Two Game stores in Bristol to close - though others could be saved
THE administrators who have taken charge of collapsed firm Game have revealed they are to close two shops in the Bristol area but are hopeful of saving the rest.
As reported in the Evening Post the company which sells computer games and consoles called in the administrators after it got into severe financial difficulties.
Yesterday the administrators announced they are to close the Game branches in Cabot Circus and Weston-super-Mare with the loss of around 20 jobs.
The administrators are closing more than 200 shops across the country with the loss of around 2,000 jobs. But there are hopes that the rest of the chain can be saved and a buyer found.
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Game also owned stores in the Galleries, Cribbs Causeway and Yate. It also owned the Gamestation brand which has a store Broadmead.
The company had been badly affected by a slump in demand before Christmas and competition from the supermarkets and internet companies.
Mike Jervis, joint administrator and partner at PwC, said: “The recent job losses are regrettable but will place the company in a stronger position while we explore opportunities to conclude a sale. My team and I will be doing all we can to help the affected employees at this difficult time.”
It is believed that there is a consortium of bankers interested in buying the slimmed down chain out of administration.
A consortium of existing banks led by state-backed Royal Bank of Scotland is understood to be among three potential bidders, along with American rival Gamestop and OpCapita, which recently acquired the electronics business Comet.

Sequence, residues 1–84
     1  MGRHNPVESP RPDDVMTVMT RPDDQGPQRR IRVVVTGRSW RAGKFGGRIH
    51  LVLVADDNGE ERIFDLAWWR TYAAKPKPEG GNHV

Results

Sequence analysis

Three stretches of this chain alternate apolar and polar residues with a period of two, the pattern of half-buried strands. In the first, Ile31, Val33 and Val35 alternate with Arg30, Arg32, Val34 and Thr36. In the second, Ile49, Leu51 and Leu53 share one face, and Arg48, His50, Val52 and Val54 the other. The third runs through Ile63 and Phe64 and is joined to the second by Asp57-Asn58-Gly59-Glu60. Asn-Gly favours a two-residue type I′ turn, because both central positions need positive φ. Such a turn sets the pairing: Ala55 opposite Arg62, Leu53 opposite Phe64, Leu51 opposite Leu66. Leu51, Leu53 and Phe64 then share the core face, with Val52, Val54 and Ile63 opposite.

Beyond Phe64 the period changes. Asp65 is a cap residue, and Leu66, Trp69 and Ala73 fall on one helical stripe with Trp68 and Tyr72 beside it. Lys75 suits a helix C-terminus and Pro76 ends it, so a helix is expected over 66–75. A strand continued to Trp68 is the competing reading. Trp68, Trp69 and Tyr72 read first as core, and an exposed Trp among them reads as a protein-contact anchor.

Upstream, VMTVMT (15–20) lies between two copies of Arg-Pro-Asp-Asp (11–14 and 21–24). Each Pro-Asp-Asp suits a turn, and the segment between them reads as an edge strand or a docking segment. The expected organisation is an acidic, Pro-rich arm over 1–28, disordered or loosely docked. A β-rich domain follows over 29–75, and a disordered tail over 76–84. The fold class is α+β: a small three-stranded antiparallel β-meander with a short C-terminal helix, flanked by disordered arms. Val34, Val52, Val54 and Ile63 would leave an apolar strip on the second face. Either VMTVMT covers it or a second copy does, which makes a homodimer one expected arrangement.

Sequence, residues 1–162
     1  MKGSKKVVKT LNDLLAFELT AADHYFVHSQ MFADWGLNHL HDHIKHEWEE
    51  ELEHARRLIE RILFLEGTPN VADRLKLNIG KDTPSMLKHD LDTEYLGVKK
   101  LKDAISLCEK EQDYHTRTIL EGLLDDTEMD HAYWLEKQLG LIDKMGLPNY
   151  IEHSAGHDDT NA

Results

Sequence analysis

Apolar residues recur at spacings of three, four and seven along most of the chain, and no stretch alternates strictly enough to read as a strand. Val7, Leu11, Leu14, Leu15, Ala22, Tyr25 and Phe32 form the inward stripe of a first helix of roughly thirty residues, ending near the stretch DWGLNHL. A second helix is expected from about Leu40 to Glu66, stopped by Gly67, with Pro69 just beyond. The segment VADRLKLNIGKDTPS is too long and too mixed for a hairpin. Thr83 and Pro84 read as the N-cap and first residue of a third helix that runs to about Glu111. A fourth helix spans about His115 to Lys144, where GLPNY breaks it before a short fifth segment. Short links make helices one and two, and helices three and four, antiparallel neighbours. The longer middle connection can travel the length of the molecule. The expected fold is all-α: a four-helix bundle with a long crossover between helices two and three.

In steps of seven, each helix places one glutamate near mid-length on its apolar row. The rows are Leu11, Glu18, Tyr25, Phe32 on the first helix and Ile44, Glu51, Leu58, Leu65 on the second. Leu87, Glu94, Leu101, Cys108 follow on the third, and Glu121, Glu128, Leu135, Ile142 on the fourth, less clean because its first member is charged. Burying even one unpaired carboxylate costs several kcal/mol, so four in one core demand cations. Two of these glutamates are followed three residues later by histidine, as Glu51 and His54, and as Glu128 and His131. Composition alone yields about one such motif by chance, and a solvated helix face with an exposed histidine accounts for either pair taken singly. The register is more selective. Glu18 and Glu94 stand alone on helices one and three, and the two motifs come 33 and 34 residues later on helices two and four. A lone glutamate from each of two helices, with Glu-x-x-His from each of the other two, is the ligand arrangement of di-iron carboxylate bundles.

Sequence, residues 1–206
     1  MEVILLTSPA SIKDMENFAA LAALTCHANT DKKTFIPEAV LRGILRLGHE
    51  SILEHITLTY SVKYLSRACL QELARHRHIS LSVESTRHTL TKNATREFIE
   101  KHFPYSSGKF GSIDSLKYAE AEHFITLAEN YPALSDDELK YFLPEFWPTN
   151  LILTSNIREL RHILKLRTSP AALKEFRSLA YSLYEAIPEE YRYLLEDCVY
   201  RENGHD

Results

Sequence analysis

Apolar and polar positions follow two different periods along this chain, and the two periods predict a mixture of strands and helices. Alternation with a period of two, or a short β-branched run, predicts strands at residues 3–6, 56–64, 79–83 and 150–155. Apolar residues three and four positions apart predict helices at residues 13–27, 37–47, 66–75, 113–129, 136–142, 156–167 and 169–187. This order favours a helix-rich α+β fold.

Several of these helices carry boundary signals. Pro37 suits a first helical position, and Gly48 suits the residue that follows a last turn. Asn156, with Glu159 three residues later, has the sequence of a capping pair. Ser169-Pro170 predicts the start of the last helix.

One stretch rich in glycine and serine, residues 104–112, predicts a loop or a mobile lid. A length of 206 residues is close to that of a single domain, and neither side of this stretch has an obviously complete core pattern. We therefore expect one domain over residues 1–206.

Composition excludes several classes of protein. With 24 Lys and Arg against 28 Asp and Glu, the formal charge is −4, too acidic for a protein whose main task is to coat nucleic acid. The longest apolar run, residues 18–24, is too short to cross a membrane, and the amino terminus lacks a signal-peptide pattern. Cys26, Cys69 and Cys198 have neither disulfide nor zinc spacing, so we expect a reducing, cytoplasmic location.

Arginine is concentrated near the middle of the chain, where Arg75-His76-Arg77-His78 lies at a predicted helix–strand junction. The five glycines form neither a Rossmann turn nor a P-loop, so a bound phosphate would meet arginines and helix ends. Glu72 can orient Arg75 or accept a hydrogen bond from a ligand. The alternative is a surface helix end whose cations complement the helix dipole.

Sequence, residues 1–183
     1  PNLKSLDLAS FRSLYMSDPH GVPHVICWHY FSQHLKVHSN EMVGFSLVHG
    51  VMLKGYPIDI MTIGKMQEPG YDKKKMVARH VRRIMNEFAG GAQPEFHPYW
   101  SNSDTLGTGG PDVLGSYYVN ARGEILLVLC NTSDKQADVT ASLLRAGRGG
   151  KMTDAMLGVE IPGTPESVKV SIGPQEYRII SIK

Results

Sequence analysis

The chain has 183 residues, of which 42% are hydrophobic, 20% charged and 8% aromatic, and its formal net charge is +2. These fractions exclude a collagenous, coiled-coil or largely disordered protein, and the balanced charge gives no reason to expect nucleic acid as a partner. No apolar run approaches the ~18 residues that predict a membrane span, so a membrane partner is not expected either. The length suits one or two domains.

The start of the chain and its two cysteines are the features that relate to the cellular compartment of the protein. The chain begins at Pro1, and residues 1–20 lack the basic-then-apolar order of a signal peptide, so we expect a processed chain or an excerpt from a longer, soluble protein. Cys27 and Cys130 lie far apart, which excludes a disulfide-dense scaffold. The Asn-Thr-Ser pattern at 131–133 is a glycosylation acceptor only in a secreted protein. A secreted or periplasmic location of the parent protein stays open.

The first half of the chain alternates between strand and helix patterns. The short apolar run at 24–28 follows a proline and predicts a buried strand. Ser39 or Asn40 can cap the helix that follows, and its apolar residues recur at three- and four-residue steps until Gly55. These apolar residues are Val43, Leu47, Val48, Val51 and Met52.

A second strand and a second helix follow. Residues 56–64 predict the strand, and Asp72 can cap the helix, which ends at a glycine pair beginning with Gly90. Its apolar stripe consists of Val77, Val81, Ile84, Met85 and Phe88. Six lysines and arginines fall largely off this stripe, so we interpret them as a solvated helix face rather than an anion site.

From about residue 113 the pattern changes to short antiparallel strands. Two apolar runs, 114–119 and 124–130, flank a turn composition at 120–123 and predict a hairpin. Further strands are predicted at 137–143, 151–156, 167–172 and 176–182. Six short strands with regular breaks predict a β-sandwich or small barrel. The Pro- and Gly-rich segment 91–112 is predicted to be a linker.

Mr Jervis said he believes that there is still room for a specialist video games retailer in the UK despite the difficult conditions it has suffered in recent months and remains hopeful the business can be sold as a going concern.
Game, which also employs about 385 staff at its headquarters in Basingstoke, Hampshire, last week said it planned to appoint an administrator, having admitted there was no value left in the company.
The chain’s demise follows a string of profit warnings and the decision by nervous suppliers, including Electronic Arts and Nintendo, not to go on providing new games.
The retailer had a £21 million rent bill due yesterday and faces a £12 million wage bill this weekend, although PwC is expected to honour any wages owed.
There is also £10 million in VAT and £40 million owed to suppliers.
Game suffered a dismal Christmas and was later forced to ask suppliers for more generous trading terms.
But many stopped supplying it with new releases, such as Mass Effect 3 and Street Fighter X Tekken, leaving fans disappointed and adding to the group’s problems.
Game agreed fresh lending facilities with banks last month and began seeking access to alternative sources of funding at the start of this month.
The group has already signalled that losses for the year to the end of January are likely to be around £18 million.